Barcelona forward Lionel Messi reacts during the Spanish Copa del Rey final against Real Madrid at the Mestalla in Valencia on April 16, 2014. Dani Pozo / AFP
Barcelona forward Lionel Messi reacts during the Spanish Copa del Rey final against Real Madrid at the Mestalla in Valencia on April 16, 2014. Dani Pozo / AFP

Barcelona can rise again despite backlash against style of play

The 1980s were drawing to a close and U2, the most successful rock band of the decade, looked to be a spent force. Their latest album, Rattle And Hum, had polarised opinion. The general consensus was the group had run out of ideas.

“We have to go away and dream it all up again,” Bono famously said at a concert in Dublin on December 30, 1989. It was the end of an era.

As Lionel Messi, Xavi and Andres Iniesta watched Atletico Madrid and bitter rivals Real Madrid fight for the Uefa Champions League on Saturday, it is tempting to think they were thinking something along those lines.

Last Sunday Barcelona surrendered the Primera Liga to Atletico at Camp Nou and, for the third season running, were nowhere to be seen when the continent’s top prize was contested.

Barca’s golden age, the age of tiki taka, is seemingly over. If it is, then Messi and his teammates should be thanked for flirting with football perfection like no other team.

Yet there is a distinct whiff of schadenfreude surrounding their slow demise.

It is no surprise. The modern football fan is not the most empathetic of creatures. Witness the season-long wallowing in the misfortunes of David Moyes and Manchester United, or the widespread celebration of Steven Gerrard’s infamous slip against Chelsea.

It is part of the intertribal banter, sometimes vitriol, that has always existed in football.

Far more puzzling is the haste with which Barcelona’s entire football philosophy has been discredited. Tiki taka has been “found out”, critics claim ungenerously – six years suddenly invalidated.

Football ideology is one thing, but successful teams come in cycles. Barcelona have simply reached the natural end of a glorious one.

Managerial changes, injuries, collective loss of form and old age have all contributed. But the Barcelona of 2008-2014 should be always revered as one of football's greatest, most innovative teams.

Historically, club and international teams that revolutionised football have been fetishised by experts and fans. Even in failure.

Hungary’s stunning loss to West Germany in the 1954 World Cup final has hardly diminished the legacy of Ferenc Puskas, Nandor Hidegkuti and Sandor Kocsis. In fact, history has only embellished the legend of the “Mighty Magyars”.

At the start of the 1970s, the Dutch, led by Rinus Michels on the sideline and Johann Cruyff on the pitch, redefined the modern game with “Total Football”. Ajax won three European Cups, but the Netherlands’ defeat to West Germany in the 1974 World Cup final signalled the end of those parallel cycles.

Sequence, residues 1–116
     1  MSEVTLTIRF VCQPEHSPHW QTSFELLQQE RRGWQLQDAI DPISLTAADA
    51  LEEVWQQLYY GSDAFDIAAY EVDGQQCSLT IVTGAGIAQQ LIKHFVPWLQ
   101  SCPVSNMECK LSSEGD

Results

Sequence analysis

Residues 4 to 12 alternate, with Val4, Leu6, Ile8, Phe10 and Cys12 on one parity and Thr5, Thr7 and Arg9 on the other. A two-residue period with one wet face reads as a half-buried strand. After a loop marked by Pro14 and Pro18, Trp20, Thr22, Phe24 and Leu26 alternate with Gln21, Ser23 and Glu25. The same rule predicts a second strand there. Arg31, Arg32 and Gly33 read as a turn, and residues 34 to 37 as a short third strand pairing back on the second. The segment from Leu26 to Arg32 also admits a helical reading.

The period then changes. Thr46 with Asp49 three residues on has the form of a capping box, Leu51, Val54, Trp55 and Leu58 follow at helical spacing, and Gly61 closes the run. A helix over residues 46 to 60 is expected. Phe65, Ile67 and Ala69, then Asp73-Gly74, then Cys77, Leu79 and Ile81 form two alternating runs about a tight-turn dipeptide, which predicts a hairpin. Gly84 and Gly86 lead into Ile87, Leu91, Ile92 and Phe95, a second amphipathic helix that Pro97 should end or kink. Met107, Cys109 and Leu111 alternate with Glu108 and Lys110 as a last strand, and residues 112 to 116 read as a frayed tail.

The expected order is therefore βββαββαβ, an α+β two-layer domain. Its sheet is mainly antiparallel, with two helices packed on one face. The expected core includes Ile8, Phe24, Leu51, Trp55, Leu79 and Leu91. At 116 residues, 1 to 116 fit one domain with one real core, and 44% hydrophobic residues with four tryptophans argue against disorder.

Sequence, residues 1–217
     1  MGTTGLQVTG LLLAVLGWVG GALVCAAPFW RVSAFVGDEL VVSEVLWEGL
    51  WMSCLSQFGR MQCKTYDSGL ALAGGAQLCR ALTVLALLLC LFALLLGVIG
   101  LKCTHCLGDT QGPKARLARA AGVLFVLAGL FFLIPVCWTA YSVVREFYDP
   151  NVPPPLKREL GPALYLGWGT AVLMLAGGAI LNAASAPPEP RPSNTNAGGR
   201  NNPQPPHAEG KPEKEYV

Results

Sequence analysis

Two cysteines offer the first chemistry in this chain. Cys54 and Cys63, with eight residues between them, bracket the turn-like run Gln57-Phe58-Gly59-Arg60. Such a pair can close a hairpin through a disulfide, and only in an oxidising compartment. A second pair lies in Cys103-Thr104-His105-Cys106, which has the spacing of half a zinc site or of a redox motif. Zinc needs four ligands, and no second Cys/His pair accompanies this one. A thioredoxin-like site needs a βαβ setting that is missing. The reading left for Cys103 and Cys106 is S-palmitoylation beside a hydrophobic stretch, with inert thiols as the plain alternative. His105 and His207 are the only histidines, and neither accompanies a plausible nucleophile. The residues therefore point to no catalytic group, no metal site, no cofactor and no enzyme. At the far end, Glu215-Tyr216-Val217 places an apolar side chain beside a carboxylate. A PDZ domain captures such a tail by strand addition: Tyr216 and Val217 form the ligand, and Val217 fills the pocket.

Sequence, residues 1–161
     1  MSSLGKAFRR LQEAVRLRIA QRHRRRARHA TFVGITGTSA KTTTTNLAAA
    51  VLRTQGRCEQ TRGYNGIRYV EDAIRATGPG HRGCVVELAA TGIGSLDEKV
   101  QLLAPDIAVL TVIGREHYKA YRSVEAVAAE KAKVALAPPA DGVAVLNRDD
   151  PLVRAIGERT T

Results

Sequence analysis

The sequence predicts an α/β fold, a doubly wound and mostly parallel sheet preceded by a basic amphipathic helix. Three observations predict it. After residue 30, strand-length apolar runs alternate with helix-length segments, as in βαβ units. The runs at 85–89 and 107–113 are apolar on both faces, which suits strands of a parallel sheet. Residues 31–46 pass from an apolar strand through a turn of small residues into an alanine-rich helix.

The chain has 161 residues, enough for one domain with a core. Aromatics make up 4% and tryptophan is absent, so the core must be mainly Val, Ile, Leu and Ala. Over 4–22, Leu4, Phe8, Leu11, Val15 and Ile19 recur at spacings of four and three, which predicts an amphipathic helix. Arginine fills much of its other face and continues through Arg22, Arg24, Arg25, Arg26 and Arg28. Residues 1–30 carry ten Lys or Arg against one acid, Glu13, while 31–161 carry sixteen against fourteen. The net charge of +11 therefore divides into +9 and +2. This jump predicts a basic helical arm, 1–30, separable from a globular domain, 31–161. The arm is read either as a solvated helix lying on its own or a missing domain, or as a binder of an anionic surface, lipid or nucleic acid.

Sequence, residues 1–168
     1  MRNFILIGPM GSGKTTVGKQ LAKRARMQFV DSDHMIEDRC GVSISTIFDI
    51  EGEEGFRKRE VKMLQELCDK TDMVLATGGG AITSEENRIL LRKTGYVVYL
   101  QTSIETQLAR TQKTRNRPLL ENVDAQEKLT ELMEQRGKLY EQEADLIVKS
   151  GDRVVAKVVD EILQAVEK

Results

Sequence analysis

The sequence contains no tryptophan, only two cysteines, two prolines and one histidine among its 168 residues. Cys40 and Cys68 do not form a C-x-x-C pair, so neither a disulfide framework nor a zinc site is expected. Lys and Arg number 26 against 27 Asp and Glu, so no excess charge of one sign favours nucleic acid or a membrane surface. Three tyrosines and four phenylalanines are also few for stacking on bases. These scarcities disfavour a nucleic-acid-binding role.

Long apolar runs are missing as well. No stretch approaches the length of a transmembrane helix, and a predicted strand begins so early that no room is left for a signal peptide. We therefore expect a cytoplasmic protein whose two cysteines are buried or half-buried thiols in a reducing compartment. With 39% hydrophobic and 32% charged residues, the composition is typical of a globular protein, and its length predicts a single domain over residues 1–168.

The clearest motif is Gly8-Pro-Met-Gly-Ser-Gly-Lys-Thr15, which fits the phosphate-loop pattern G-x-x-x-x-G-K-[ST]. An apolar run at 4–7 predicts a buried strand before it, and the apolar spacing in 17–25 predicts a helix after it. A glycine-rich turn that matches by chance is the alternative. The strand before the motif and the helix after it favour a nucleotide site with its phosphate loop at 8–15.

There was nothing intrinsically wrong, or unsustainable, with Total Football – as shown by the Netherlands’ spiritual brothers Denmark in 1986 – it just relied on the right, gifted players playing the right tactics at the right time.

Then there is Brazil at the 1982 World Cup in Spain, who are often rated the greatest team to have not won the competition. A team that shone brightly but all too fleetingly.

These teams are mythologised as much for their heroic failures as their successes.

You can forgive this trophy -laden Barcelona for feeling somewhat unloved by comparison.

But even the greatest teams of the past 50 years have had long-term success punctuated by ending cycles, typically of three or four years.

Bob Paisley’s unprecedented success in nine years as Liverpool manager notably came with two teams, while Manchester United’s era of obscene success under Sir Alex Ferguson was achieved with three great teams, demarcated by barely noticeable lean periods (comparatively speaking).

The AC Milans of Arrigo Sacchi and Fabio Capello of the 1980s and 1990s – the team mostly compared to modern Barcelona – are rightly fabled for their pressing game and entertaining football.

Yet the golden era of Ruud Gullit, Marco van Basten and Frank Rijkaard everyone remembers lasted roughly between 1989-1992. The team that annihilated Barcelona in the 1994 Champions League final was part of the next cycle.

Then there is the Brazil tam of 1970, perhaps the most adored football side of all. Pele, Rivelino, Carlos Alberto, Tostao and Jairzinho. A blur of yellow and blue that elevated football to art on the way to winning the World Cup in Mexico.

Within three years that golden team’s natural cycle had ended and few associate it with the Brazil that contested the 1974 World Cup, a cynical embarrassment to the previous generation.

So why only grudging respect for Barcelona, who never deviated from their principles?

Perhaps it is a 21st century phenomenon. Modern football’s obsession with contextualising success and failure within a never-ending narrative. One day a genius, the next day a fraud.